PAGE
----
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Pepperdine | Graziadio Business School

Sarah Weaver, MBA ‘12

 

Biography

As a Senior Talent Manager at Microsoft, Sarah Weaver understands the need to incorporate inclusiveness within the workplace. Sharing Pepperdine’s commitment to value based leadership, Sarah perused a Full-Time MBA to encourage institutional change. Attracted by Pepperdine’s mission, Sarah feels compelled to merge purpose with her career. Applying her experience with the world, Sarah believes that tiny waves work together in building a culture of inclusivity.

Read Sarah's Story

"I had a manager actually tell me one time, talking about a co-worker, that women should stay at home and raise the children. And I paused and I was kinda like, you're, I'm a woman. And, he was like, no, no, not you, but like, that person. And I didn't really understand what the difference was. The culture of a company is truly a foundation of what a company is gonna do. How do we make an inclusive culture and how do we truly uncover the unconscious bias and how do we take as much bias as we can out of the system? To shift a culture it takes a lot of actions from a lot of individuals making intentional choices and that's what I do.

My name is Sarah Weaver. I'm a senior talent management manager at Microsoft. I get to help influence a lot of different conversations within every decision around talent. So, I've always been kind of a mechanical thinker. That's how my mom always described me. When I was around 14, one of our cars broke down and my dad wanted to fix it himself and I really was fascinated by this and got to say, I'm in, let's do this. And so, he and I rebuilt the car engine. I was just tearing it apart and then putting it all back together, it was one of those moments of bonding, but also really solidifying that I really liked to understand how things work and led to me really looking at engineering as a career.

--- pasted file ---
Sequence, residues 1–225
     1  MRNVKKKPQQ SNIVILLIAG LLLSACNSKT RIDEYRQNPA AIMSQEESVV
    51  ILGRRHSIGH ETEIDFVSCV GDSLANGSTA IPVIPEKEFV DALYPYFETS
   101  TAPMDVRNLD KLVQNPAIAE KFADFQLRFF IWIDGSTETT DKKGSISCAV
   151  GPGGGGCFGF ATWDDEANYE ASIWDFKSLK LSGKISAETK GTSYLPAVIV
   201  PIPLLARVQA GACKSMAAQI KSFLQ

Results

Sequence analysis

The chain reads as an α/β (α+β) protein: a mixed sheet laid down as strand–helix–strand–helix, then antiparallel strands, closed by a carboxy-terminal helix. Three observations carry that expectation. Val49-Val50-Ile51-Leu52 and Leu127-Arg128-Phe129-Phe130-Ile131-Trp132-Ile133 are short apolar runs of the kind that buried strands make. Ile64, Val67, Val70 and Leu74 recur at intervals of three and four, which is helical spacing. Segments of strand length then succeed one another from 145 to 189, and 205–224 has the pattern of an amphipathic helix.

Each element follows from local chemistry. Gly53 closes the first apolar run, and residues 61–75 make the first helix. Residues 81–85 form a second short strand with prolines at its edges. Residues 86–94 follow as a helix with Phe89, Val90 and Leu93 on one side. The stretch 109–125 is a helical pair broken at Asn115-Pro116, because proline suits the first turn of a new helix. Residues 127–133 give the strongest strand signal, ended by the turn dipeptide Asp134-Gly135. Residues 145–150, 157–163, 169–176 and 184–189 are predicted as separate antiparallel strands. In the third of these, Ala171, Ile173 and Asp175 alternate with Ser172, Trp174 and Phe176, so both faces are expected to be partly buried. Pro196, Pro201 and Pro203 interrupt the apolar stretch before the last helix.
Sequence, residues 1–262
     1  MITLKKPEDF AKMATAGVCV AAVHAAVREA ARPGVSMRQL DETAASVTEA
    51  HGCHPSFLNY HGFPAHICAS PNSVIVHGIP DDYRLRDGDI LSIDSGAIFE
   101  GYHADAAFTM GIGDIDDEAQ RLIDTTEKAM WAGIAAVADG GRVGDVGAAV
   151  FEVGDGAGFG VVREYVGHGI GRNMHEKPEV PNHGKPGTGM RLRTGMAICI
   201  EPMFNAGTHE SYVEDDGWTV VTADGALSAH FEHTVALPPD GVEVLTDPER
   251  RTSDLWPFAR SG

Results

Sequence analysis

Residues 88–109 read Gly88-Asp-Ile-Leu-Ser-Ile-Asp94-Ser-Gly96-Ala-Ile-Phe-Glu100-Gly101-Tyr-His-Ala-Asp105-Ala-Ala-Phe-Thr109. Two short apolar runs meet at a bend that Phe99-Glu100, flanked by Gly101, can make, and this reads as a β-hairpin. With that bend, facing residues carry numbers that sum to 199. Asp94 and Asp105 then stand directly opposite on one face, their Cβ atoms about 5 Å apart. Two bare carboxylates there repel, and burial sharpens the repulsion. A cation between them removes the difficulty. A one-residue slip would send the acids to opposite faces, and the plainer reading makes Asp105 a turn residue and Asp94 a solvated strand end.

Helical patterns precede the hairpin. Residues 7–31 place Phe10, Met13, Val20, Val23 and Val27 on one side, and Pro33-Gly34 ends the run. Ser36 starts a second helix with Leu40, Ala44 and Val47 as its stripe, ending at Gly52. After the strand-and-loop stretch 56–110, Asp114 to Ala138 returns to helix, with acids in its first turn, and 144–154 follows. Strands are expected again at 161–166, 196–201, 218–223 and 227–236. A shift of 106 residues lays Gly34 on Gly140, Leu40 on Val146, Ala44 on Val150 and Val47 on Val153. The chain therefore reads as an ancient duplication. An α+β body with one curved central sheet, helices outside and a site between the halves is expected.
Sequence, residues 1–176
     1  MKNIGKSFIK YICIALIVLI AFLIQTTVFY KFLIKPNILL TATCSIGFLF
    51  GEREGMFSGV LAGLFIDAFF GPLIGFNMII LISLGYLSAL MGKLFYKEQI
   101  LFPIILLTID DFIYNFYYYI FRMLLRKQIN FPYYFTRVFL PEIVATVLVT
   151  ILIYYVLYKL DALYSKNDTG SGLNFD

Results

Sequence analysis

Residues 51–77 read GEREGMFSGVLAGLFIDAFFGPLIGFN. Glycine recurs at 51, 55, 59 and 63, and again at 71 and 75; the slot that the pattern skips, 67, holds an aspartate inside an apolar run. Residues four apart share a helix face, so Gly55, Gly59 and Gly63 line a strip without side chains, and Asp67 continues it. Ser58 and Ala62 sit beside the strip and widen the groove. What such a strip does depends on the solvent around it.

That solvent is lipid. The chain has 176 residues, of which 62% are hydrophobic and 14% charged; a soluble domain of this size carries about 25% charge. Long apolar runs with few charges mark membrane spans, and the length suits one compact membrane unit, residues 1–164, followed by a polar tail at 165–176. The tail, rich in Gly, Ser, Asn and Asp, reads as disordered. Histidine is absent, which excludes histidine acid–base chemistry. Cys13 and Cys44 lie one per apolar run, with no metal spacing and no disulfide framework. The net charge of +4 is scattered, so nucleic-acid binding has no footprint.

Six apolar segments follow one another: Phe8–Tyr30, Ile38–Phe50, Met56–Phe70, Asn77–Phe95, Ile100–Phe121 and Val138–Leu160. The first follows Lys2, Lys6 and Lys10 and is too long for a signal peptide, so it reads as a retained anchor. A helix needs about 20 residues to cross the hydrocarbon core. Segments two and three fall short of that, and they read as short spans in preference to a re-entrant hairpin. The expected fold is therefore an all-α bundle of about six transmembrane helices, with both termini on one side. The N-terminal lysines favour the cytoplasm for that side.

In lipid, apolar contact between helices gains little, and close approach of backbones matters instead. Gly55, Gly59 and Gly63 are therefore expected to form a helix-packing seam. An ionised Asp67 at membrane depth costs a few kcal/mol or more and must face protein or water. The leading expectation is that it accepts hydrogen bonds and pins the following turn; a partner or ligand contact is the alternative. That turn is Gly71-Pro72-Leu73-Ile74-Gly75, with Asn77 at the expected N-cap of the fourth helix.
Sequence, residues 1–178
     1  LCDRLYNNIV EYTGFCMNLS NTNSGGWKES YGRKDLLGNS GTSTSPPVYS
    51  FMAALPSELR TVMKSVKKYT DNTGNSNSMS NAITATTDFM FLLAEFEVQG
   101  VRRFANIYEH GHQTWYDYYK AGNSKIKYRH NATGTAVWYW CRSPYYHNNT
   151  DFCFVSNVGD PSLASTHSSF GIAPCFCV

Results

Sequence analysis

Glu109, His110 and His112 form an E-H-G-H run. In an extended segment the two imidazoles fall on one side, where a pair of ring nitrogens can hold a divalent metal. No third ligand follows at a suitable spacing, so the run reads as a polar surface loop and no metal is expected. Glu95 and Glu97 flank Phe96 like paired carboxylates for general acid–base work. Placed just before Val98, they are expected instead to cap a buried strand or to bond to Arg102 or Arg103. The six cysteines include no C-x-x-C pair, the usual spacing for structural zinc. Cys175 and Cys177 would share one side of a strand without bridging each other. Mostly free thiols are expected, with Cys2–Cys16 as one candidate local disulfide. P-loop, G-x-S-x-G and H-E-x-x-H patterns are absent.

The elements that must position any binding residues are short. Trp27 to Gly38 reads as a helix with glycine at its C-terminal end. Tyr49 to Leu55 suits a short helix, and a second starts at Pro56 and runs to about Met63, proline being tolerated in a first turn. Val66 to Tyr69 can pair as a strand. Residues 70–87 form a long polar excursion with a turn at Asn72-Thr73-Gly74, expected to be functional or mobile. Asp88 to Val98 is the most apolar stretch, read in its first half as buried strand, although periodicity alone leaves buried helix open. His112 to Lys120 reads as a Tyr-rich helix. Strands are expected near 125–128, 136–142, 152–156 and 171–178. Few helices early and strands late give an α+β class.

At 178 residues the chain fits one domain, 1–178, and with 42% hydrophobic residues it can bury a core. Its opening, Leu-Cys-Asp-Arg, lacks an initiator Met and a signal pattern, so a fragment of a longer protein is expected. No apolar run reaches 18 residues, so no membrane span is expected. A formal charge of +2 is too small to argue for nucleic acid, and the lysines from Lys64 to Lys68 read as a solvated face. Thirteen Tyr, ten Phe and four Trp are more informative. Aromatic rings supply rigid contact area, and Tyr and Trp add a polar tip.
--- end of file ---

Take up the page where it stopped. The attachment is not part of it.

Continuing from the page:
Fast forward, I did chemical engineering for undergrad and then went into Hershey and made a lot of chocolate and became an efficiency expert in a sense, making plants faster and more efficient and run at lower costs. What I found through doing that was I could not really make something better without having that human connection, without having that, change the person, moment. So, I wanted to make a hard left in my career. I quit my job, got engaged, got married, moved across the country and started my MBA all in six months.

I interviewed at a number of different MBA programs and all of them kinda felt like they were interviewing me and measuring me against a bar of, am I good enough for their program. Whereas, when I talked to Pepperdine it was very much, we want to help you. We want to work with you and make you all that you can be and you're part of this family, you're part of this cohort, or this group and I really liked that. That was a very different feeling right from the beginning, right from the interview. Now, the view was not something to be disregarded. So, that also was nice, but the real feeling I remember walking into the recruiter's office and just, it was a very different conversation.

I specifically chose the MBA to make sure that I could speak to an organizational change in business language. Why is this important to the company? Why is this important to a corporate person that I'm coaching? I am the person behind the curtain, if you will. From a talent management standpoint, like we're building the architecture for the company to know what we need. We talk through a number of different tactical things and also cultural things. How do we get the biggest talent pool that we possibly can? I get to influence the diversity and inclusion of message. That's a really cool, fun part of my job. So, I'm raising two small boys. I know that my children will have a responsibility to this world.

When I think of what I learned at Graziadio and even why I chose Graziadio, was because of that value-centered aspect and the ethical aspect of, do what's right. Make the right choices. And I look at my boys and I want them to do that, too. Culture change takes time. So, when I think of kids, or I think of, even in the corporate culture, it's how are you raising a culture of inclusivity, that everyone can truly bring their best self? 'Cause that's when you truly get amazing things happening. Tiny waves add up."